Willy died 39 years ago. He suffered from his personal flaws. He pissed away thousands of dollars betting on horses and dogs. Despite a photograph from the late 1940s of Willy holding me in his arms at the seashore, we had no significant relationship. My last memories of him are of us smoking cigars together in the lounge of the nursing home where he spent the last 22 years of his life. He loved cigars and perhaps this was a way of me finding a way to him. I don’t know. Because of the ravages of a cerebral hemorrhage, he spent those years in the nursing home mostly incoherent and unable to express himself.
Willy was a war resister from the Russian army in that part of Russia and Eastern Ukraine that moved from one nation to another, depending on the winds of war. Those who study history know that history does not precisely repeat itself, but it certainly rhymes, sometimes violently because of that part of humankind that denigrates human worth, subverting that worth through violence because of greed and power and status. This writing is not meant to assess the current war in Ukraine, but some of the same lethal forces that were obvious during the first quarter of the 20th century are, to a degree, operating today.
Empires in a multipolar world were at the brink of disaster when Willy faced the prospect of the Russian army. The spark of war took place in Eastern Europe. Now, the world’s only superpower, the U.S., has joined forces with others in its march of hegemony toward Russia. Russia launched a preemptive and illegal war (which war isn’t?) against Ukraine. We live in a world where hegemony almost always trumps diplomacy.
Being a soldier in the Russian army during that epoch of part of the first quarter of the 20th century was the equivalent to death for a Jew. If death wasn’t the result, then slavery certainly was. Willy knew enough to get the hell out and he emigrated to the U.S., marrying, working, and raising a family in Rhode Island. He became the superintendent of a textile mill that dyed synthetics and produced lace. His brother owned several mills and Willy led one of them.
Before he was the superintendent of his brother’s textile mill, World War I presented Willy with the reality of having to face the military once again. He chose not to become a citizen and avoided the draft. I do not know the exact details of his resistance to the military the second time, but he was fortunate enough to stay out of “the war to end all wars” and the war to make the world “safe for democracy.” It’s pretty ironic at how these pithy and grandiose phrases about war leave out the blood and death and destruction and profit, but are strong in pushing nationalistic and so-called heroic values and propaganda.
Willy and his wife Ida sent their two kids to a well-known socialist summer camp in the Catskill Mountains in upstate New York, something very unusual for kids from Rhode Island. For all intents and purposes, the camps were Jewish socialist camps. The socialist values of economic and social equality predominated there. The admonition to repair the world was a common theme of Jewish life during that time and it was also reflected in their religious observances and lives during the first half of the 20th century. I can’t recall anyone from our small community going hungry or unemployed for an extended time. Those without financial resources were welcomed into the community and treated with respect, as were those of other faiths.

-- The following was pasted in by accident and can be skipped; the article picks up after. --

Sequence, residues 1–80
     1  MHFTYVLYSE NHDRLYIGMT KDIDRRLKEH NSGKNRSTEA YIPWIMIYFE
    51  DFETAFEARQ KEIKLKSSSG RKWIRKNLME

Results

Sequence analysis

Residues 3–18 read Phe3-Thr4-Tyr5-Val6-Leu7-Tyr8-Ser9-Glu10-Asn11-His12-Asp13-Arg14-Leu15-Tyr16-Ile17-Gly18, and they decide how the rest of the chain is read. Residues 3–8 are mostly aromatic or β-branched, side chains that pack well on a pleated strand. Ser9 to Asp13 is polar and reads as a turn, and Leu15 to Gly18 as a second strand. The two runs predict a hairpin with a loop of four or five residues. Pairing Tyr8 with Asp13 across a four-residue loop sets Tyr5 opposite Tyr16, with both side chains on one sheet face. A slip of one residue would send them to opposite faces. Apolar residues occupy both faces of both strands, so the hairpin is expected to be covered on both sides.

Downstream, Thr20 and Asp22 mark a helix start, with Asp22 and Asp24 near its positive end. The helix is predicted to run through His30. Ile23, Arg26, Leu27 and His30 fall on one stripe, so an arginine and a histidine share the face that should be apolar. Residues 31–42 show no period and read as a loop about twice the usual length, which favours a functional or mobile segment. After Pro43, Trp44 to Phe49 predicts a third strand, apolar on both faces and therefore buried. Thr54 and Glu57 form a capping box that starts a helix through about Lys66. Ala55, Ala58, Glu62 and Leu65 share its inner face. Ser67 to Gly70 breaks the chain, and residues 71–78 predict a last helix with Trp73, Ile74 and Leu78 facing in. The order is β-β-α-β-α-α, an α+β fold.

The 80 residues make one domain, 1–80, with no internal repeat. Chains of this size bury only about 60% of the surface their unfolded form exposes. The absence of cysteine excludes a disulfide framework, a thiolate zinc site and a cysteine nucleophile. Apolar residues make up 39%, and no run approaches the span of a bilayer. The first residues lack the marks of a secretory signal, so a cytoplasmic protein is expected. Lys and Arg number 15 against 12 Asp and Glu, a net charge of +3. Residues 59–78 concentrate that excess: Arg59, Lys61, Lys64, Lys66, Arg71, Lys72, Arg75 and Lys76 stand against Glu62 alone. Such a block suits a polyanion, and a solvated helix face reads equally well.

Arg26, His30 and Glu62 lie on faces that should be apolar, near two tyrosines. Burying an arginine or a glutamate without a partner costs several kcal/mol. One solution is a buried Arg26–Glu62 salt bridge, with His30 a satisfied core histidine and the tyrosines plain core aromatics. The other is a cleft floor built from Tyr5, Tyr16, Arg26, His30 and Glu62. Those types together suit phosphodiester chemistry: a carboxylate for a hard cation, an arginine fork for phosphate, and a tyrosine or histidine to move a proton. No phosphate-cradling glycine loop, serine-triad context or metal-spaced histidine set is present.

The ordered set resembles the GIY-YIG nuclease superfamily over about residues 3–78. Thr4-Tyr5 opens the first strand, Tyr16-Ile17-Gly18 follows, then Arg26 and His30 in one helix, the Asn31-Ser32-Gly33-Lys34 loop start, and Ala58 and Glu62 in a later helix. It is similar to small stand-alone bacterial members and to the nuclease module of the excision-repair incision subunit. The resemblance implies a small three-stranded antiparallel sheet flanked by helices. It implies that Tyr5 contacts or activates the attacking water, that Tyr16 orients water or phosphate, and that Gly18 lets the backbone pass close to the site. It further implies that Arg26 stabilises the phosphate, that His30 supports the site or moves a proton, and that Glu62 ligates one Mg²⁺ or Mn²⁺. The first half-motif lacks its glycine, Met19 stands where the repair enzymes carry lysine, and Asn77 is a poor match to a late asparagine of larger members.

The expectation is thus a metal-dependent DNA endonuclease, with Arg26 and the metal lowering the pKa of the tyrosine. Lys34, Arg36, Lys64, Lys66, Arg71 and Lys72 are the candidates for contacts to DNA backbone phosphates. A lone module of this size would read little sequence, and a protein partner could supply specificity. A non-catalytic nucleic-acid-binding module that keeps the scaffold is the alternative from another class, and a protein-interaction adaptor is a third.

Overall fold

Willy took on a leadership role in the community’s synagogue as World War II began and placed at least one refugee from Europe escaping Naziism into a job and found a place for him to live.
He fell on hard economic times, though, as textile mills moved to the U.S. South, seeking cheaper labor and heating costs. Willy opened a fabric shop, doing in a small way what he had done at the textile mill. Fabric shops sold cloth and sewing items to people who still made their own clothes and clothes for their families, a quaint notion in the contemporary throwaway economy where clothing is cheap and often poorly made.
Mills throughout the U.S. were sometimes scenes of violent clashes between workers, police, and the National Guard as workers struggled to raise the quality of their lives and the lives of their families through the collective association of unions.
His final work was in a luncheonette that I loved spending time in as a kid. It was a substantial place with all kinds of items that differentiated it from that usual run-of-the-mill kind of business. There was a camera display case near the entrance with state-of-the-art cameras. There was a pinball machine just past the vast counter space and an adjoining room past that machine with every imaginable kind of magazine. Willy also sold racing sheets that were a significant source of income and one shady character, a regular customer, with reported underworld ties, was generally regarded as a kingpin of betting in the area. That person had a huge antenna on the roof of his home that may have been used as a way of communicating about betting and races, but I don’t know that for certain.
All these years later, I miss Willy even though we had only the most superficial of relationships. I do not know if we could have shared issues about war and peace and his resistance to war if he had remained healthier later in his life, but those opportunities never came.